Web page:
I must create a system, or be enslaved by another man's. I will not reason and compare: my business is to create.

- William Blake

Sunday, January 25, 2015

Rewriting D&D

If you play D&D long enough, you may feel the urge to rewrite it. It is almost inevitable: each edition brings different options, systems, subsystems, interpretations, an so on. Supplements and even erratas will often change whole sections, and after reading so many different versions you will realize that you can combine your favorite bits to make your own ideal game.

Maybe choosing isn't enough for you, and you start to come up with your own house rules. Why not? The earlier the edition you play, the easier it is to find gaps, and the easier it is to fill them up with your own ideas (and I say that on a very general level - 5th edition seems more hackable than 4th, for example). The newer the edition you play, the more history it carries.

There is nothing wrong with choosing one edition and sticking with it, of course. Maybe you play OD&D and think the Thief class has ruined everything,  maybe you play a newer version and don't think that knowing what has come before is that important, or maybe you found your perfect edition somewhere in between. But homebrews and house rules are so common that I would bet a huge part of D&D players have tried it at least once.

I know I have. And I do feel an urge to rewrite D&D to my own tastes.

But why D&D? Why not play a different game if I can't find a perfect edition? Well, I really like D&D. I like having that huge repertoire of options in D&D history (rules, monsters, adventures and so on). I like it not only as a lingua franca but as a great game in itself. I like the OGL. And I like the amazing D&D stuff people have been coming up with in their blogs.

Not enough stuff... Must write my own!
So, what do I want change? And how can I change D&D without turning it into something completely different?

Reflecting upon this question, I had a little epiphany. You see, there are parts of D&D that never change, or change very little: the six abilities, the main classes, roll a d20 to hit a foe (and wish for a high number on the d20), and so on. But there are other things that change constantly from edition to edition: skills, saving throws, weapons and its details, ability mods, feats, numbers, and so on.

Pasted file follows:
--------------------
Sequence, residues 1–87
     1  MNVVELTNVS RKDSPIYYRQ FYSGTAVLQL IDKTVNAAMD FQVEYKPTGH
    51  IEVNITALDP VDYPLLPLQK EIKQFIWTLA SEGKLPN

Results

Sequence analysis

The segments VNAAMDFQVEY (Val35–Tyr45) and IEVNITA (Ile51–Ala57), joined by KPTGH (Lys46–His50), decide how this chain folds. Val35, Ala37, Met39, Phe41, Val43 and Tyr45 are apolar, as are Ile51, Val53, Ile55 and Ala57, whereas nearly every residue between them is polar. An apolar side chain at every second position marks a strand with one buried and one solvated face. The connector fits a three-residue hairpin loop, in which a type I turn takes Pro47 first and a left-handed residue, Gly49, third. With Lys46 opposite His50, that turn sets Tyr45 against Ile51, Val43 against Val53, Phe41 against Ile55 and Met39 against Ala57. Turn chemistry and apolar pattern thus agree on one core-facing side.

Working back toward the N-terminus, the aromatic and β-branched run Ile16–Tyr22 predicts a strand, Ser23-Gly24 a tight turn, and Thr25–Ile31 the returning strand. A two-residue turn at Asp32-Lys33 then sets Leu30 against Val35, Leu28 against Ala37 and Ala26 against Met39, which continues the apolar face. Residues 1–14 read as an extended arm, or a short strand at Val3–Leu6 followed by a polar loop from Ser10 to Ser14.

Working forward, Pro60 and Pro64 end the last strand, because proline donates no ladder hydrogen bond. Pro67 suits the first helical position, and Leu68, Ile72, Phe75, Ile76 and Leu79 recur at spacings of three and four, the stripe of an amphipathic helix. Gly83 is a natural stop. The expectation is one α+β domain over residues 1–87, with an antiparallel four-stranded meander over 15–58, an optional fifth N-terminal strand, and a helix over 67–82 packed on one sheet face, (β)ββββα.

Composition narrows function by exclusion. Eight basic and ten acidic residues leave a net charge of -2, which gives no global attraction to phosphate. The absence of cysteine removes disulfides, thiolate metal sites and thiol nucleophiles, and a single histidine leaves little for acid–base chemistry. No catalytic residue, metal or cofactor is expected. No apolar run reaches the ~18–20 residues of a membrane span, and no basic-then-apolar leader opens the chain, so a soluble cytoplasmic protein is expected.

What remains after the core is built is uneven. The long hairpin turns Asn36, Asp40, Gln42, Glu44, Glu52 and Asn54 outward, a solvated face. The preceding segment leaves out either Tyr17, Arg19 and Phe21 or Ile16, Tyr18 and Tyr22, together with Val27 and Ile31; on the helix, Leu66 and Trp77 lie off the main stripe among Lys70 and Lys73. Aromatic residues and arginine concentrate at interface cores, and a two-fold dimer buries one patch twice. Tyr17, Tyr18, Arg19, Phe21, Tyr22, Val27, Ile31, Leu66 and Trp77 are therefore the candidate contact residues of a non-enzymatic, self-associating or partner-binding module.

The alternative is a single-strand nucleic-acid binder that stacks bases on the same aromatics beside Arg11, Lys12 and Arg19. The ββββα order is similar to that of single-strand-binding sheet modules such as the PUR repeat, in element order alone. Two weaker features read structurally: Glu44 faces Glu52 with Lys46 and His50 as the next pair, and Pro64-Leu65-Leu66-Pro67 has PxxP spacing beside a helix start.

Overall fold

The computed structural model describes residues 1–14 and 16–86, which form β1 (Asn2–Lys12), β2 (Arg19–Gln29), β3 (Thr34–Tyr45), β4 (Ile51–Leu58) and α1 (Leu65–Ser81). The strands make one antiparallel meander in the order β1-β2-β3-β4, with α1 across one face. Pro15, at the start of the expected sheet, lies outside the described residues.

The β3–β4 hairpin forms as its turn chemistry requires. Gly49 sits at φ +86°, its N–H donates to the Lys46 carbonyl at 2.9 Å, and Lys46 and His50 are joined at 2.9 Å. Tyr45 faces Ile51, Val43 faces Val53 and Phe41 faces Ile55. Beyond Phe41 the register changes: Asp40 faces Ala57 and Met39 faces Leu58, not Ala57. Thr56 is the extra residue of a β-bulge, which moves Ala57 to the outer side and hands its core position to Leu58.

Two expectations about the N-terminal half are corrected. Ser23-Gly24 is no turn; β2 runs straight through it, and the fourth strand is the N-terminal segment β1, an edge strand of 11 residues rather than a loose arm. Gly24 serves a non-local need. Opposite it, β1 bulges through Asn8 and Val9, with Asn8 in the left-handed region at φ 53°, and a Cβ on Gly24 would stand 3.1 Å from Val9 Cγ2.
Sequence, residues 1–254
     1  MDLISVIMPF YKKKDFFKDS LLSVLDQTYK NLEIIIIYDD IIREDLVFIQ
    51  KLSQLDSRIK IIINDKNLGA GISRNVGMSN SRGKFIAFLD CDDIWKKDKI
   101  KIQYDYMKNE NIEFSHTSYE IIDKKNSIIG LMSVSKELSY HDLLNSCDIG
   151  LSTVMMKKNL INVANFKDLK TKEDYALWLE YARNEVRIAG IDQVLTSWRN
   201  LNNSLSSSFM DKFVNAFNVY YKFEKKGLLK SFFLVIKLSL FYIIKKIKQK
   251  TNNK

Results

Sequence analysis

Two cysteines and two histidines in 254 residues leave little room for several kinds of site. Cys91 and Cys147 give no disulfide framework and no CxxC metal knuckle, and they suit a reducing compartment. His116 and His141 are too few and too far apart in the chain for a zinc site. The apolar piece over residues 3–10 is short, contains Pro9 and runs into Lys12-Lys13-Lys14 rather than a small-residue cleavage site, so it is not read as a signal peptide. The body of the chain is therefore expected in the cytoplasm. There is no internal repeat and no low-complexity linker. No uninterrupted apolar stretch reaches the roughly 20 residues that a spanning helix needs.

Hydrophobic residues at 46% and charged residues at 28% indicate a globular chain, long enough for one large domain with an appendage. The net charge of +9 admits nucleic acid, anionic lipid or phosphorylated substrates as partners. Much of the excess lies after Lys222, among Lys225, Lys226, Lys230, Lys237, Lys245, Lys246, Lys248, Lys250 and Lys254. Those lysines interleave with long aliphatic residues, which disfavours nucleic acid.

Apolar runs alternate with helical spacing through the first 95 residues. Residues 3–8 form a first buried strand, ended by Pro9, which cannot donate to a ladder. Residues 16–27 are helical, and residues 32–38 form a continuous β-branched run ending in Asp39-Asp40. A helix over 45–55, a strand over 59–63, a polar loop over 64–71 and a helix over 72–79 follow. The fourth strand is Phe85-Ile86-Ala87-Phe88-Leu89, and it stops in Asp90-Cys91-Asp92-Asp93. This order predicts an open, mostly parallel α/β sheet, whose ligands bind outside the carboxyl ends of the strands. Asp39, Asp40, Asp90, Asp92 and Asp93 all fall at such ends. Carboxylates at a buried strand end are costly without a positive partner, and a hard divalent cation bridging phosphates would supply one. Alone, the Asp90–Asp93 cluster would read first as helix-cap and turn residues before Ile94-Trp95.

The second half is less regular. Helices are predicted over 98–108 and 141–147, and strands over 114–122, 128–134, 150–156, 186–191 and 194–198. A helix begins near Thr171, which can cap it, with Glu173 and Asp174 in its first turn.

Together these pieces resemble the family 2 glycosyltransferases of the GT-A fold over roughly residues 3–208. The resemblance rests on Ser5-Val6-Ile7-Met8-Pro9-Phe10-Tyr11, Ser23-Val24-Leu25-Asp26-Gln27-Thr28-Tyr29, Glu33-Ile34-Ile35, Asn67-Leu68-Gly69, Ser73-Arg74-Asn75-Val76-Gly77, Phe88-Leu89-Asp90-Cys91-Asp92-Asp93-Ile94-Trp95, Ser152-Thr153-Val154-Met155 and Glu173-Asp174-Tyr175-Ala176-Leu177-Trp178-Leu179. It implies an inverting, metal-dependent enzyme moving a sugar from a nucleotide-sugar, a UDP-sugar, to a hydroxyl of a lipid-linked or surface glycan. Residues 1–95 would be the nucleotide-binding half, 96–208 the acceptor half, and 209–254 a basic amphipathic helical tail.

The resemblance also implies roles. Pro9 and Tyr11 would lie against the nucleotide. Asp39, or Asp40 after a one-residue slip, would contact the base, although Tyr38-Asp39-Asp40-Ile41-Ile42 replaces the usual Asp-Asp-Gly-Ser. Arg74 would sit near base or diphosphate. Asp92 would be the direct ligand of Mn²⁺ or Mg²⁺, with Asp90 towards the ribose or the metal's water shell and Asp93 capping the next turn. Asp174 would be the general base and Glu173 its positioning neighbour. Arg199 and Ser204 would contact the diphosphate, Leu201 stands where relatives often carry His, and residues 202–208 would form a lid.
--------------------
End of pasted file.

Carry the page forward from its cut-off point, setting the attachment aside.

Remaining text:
And I have realized that what I really like is this “core” D&D, even if the changing parts sometimes annoy me - not because they change frequently, but because if feel they could still be vastly improved (although sometimes I just like old solutions better than the new ones and dislike the changes).

When I write my own house rules for D&D, I like to search for precedent in history, at least as inspiration. I avoid changing things that haven't been changed for a long time - I believe this happens for more reasons than simple tradition - but if something has been changed a lot and I can't find a version I like, I am not too shy about creating my own stuff. After all, if so many people tried to improve it, why can't I? Besides, if I don't come up with my own eccentric ideas, there will be nothing in my blog for other people to criticize!

I am not saying that this is the perfect method for coming up with your own version of D&D, of course. It's just a common one, and one that suits me well.

So, this is what I'll be doing for now. When I create my house rules for D&D, I will try to:

- Respect what hasn't been changed, when possible.
- Question the hows, whens and whys on what has been changed.
- Look for precedent, but come up with new stuff whenever I feel the need.
- … and, ultimately, just adopt the best solution for my own tastes because, after all, it's my own house rules. But even if you don't agree with my conclusions, I hope you have a good time reading (and discussing!) my reasonings.

Image from http://dreamingaboutotherworlds.blogspot.com.br

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